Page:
Stay tuned for more

Dairy and Dark Chocolate

Dairy and dark chocolate is today’s lunch! Most people would probably consider this a weird and disgusting combination but I have discovered one of my favorite snacks is honey flavored Greek yogurt with dark or semi-sweet chocolate chips. It’s not low fat but I can have 1/2 cup yogurt with 2 Tbsp chocolate chips mixed in for around 300 calories. Very tasty and I get the health benefits of the good bacteria, fatty acids and calcium . . . plus the blood pressure lowering benefit of dark chocolate!

Dairy Prevents Diabetes?

My quick thoughts and observations on this recent story about fatty acids in dairy products possibly preventing diabetes are that . . .
1. Many women are not drinking milk – some because they just don’t like it and some they have switched to diet soda to save calories and carbs.
2. People are choosing low fat or fat free cheese and yogurt instead of the less processed version because they have been led to believe they are healthier.
The most useful point of this study may be that eating more of a whole foods diet and fewer processed foods may be the key to preventing diabetes. Let’s keep working toward that!

Read the story about dairy and diabetes prevention here.

Do You Have a Holistic Health Vision for Diabetes Wellness this New Year?

Do you make New Years Resolutions?

Well, most people don't and I guess I don't either but I do find it inspiring to sit down and put on paper my life goals, if you will , for the year ahead. I think most of us are afraid to make resolutions because we know they usually don't last and then we feel like a failure. However, after the hustle and bustle of the holidays I do find it energizing to get out the new calendar and look ahead to what I want to accomplish in the coming months.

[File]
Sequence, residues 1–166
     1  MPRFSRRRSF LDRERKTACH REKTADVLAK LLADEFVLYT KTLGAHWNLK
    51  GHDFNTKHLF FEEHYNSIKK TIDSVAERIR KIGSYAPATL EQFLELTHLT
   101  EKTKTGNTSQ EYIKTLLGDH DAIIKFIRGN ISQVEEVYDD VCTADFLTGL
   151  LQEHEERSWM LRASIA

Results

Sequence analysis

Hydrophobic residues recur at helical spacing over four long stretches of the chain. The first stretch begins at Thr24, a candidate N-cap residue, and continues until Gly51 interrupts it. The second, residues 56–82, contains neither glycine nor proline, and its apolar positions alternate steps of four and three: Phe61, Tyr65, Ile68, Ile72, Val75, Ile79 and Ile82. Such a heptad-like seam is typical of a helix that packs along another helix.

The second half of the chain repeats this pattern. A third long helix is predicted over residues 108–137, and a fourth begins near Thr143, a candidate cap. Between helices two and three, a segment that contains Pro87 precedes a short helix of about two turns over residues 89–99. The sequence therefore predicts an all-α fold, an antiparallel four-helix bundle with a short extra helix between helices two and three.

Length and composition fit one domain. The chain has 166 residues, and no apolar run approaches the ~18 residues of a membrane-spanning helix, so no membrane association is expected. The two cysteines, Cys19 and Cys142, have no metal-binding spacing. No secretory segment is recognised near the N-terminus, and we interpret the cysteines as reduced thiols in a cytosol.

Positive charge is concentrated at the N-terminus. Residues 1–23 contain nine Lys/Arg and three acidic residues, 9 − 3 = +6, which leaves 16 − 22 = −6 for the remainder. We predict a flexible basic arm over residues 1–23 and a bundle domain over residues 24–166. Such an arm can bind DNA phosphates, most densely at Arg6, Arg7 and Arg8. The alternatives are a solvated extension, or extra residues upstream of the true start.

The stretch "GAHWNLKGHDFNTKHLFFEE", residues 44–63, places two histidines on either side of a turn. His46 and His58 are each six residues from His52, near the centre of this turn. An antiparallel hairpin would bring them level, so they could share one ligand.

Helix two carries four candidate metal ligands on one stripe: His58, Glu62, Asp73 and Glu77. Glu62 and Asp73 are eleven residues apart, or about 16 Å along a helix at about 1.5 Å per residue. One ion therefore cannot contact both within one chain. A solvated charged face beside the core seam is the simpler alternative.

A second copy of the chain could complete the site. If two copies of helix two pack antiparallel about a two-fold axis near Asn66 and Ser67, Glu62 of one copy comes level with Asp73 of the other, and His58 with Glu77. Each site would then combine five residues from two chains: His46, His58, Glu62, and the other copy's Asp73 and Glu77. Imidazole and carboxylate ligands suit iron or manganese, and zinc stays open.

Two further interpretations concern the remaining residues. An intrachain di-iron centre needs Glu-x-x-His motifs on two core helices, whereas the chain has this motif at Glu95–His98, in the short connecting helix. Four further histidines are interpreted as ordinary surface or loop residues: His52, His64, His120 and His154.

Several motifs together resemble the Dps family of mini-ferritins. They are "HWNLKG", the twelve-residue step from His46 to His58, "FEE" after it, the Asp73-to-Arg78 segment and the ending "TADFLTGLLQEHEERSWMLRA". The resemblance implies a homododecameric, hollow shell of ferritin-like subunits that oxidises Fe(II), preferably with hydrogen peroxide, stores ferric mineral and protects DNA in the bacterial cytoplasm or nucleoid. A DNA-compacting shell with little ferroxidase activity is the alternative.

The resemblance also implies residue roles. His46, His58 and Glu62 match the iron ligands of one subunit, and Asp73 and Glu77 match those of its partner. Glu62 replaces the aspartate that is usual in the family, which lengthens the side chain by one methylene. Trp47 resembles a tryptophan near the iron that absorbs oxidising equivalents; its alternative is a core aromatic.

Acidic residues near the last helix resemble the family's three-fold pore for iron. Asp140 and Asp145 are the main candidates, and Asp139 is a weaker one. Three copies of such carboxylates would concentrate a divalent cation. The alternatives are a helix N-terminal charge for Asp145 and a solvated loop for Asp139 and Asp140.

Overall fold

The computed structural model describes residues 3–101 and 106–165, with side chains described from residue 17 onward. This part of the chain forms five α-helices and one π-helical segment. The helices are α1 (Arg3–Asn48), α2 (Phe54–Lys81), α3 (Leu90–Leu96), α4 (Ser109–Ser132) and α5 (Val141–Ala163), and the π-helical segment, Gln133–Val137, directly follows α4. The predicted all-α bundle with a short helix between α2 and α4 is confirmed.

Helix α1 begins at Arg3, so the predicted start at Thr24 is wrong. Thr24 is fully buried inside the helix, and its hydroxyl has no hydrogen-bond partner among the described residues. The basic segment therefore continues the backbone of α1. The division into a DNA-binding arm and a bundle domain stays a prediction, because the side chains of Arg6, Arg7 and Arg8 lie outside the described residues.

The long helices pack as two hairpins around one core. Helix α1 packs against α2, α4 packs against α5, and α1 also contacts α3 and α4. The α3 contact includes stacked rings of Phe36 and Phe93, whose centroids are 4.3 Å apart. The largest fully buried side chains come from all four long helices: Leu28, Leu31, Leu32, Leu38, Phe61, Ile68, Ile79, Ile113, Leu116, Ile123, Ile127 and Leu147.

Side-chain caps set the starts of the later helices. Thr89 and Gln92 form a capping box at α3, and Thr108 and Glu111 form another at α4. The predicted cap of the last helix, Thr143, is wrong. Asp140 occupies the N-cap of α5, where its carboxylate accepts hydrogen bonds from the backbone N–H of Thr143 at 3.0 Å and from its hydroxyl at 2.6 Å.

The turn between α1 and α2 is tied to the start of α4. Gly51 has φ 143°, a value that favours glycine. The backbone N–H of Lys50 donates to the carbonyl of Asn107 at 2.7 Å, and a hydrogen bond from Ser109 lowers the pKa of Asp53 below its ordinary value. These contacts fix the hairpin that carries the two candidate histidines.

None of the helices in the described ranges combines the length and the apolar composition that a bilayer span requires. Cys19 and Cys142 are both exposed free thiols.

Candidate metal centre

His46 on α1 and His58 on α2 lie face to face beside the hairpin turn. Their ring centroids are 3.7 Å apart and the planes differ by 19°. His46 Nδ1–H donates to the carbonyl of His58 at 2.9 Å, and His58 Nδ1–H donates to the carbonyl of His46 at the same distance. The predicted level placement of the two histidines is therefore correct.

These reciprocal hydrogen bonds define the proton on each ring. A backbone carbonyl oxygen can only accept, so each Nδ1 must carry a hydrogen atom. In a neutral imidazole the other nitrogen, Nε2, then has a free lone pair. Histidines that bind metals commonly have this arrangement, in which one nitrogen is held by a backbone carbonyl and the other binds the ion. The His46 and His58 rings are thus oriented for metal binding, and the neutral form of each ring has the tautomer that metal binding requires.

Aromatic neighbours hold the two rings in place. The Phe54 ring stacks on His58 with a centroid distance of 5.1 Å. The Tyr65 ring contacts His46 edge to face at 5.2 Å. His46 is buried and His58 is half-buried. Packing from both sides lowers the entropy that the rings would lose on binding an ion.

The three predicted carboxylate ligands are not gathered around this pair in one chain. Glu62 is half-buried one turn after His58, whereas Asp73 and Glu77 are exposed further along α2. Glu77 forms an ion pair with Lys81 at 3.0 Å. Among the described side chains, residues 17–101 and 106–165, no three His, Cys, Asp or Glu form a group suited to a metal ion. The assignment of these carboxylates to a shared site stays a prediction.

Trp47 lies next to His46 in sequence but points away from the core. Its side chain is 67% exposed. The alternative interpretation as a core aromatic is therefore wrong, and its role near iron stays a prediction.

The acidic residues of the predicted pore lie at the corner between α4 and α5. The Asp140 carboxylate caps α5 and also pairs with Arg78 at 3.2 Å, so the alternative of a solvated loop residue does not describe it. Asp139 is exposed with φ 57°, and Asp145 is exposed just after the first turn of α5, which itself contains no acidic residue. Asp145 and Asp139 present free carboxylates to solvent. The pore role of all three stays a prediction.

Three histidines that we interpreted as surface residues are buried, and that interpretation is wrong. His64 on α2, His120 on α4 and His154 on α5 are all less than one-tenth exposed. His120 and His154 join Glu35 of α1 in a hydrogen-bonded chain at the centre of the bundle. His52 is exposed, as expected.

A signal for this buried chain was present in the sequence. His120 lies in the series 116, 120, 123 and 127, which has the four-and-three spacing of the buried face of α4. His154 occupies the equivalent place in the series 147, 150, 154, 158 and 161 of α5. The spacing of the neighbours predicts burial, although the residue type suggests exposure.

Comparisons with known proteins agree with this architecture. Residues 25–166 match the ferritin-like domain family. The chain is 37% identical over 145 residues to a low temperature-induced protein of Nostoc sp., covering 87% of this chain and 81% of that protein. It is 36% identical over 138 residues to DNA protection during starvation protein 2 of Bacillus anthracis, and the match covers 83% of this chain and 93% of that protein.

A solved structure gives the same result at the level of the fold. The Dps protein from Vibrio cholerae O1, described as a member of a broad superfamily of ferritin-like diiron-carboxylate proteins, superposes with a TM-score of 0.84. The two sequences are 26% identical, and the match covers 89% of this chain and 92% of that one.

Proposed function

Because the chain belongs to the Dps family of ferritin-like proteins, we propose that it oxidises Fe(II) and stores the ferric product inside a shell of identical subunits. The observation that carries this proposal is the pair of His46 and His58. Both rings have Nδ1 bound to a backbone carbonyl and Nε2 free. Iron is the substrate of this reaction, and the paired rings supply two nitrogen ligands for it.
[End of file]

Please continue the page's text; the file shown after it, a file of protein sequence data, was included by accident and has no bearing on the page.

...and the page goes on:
You might not call them New Years Resolutions but if you have diabetes or prediabetes you might have ideas in your mind of wanting to lose weight to reverse diabetes, or reduce medications, or start eating better and exercising so you have more energy to do certain things. These thoughts can be very useful as part of a diabetes health vision for the new year.

Most diabetes health goals may be related to weight loss, food and exercise but don't forget the that other areas of our life affect our health and diabetes as well.

Consider these questions and thoughts as you think about your health and diabetes wellness goals for the New Year.

  • How is my emotional health? Are my relationships with spouse, family, and friends strong? This is an important part of happiness and wellness and if these relationships are suffering it will also affect our physical health. Do you have someone you can talk to when the stress of life is overwhelming? Are you spending time in hobbies or activities you really enjoy? My emotional health activities include gardening, tennis and hiking in the nice weather months and cooking or reading in winter months.
  • How is my financial health? Diabetes can be a very costly health problem. There are several cost saving strategies for diabetes supplies and medications that are available. Exercise and healthy food can also fit into a tight budget. These are topics that I often discuss with clients as their diabetes nutrition coach, but beyond diabetes and health costs, getting control of our overall financial health can also take a big stress off our mind and help us focus on physical wellness.
  • How is my spiritual health?  When everything else is falling apart, having a strong spiritual foundation is often what gets us through tough times.  Faith and hope are very powerful healing elements. For me this past year has been very challenging emotionally with my family experiencing job losses, health challenges and just a few weeks ago the sudden death of one of my sisters. My faith in God and knowing she is in a happier peaceful place brings comfort and helps me accept the loss.
  • How is my job/career/work health?  I have to admit that I am often guilty of working too much and the past few months so much that it has started to have a negative affect on my physical and emotional health. One of my goals for the new year is to get this back into balance and focus more on doing the work I enjoy – coaching, teaching and writing for people searching for a better life where diabetes is not taking away their health.